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Key Issues:
AgMag
Blog Post
Thursday, September 8, 2011

Ask almost anyone engaged in US agriculture policy, and the consensus is that the current budget crisis makes it all but inevitable that the suite of taxpayer-funded programs authorized under the federal farm bill is headed for dramatic cuts. The subsidy lobby is worried that the newly minted “Super Congress” might actually decide which programs have fat to trim or are non-essential.

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Key Issues:
AgMag
Blog Post
Monday, August 29, 2011

Last week, the corn lobby posted a blog that abruptly declared its independence from so-called “advanced biofuels.”  This announcement made it painfully clear that corn ethanol will never gain America independence from our dangerous oil addiction and that the evolution of advanced biofuels is near non-existent.

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Key Issues:
AgMag
Blog Post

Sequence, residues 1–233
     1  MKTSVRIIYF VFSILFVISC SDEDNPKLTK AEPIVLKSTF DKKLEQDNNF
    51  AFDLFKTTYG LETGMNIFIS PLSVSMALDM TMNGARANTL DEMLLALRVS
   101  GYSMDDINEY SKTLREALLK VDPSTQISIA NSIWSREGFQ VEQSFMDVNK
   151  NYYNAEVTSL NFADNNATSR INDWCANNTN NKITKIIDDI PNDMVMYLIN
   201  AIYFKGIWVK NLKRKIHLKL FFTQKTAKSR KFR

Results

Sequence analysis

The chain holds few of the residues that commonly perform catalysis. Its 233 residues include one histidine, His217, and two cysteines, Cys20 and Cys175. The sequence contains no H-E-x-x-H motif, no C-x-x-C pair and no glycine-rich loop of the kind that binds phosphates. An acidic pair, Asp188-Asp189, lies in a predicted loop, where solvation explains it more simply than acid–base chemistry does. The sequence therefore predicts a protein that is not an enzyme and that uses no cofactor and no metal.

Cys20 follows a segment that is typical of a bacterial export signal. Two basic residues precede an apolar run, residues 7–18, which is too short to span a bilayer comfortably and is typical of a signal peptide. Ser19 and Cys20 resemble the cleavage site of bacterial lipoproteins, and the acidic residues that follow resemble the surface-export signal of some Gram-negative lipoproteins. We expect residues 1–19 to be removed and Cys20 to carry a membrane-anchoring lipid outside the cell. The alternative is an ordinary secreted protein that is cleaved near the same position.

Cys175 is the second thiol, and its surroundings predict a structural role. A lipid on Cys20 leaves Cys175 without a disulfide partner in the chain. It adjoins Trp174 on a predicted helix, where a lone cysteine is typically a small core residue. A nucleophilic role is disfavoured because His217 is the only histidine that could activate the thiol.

Friday, August 26, 2011

When the federal government skimps on food safety, especially inspections, people can get seriously ill and in some cases, die. That’s why Congress can’t afford to underfund the landmark bipartisan food safety law.

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AgMag
Blog Post
Wednesday, August 24, 2011

Ken Cook talks organic farming, big agriculture, and the Farm Bill.

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Video
Tuesday, August 23, 2011

By Craig Cox and Sheila Karpf The corn lobby has persistently sold misguided subsidies and mandates for corn ethanol as a bridge to the "next generation" of so-called "advanced" biofuels. The conventional wisdom was that infrastructure built to support inefficient and environmentally damaging corn ethanol would eventually benefit the nascent advanced biofuels industry.

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AgMag
Blog Post
Thursday, August 18, 2011

Lobbyists are swarming the offices of the Congressional super committee in an attempt to protect their pieces of the federal budget pie. The farm subsidy lobby is part of the pack. 

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Key Issues: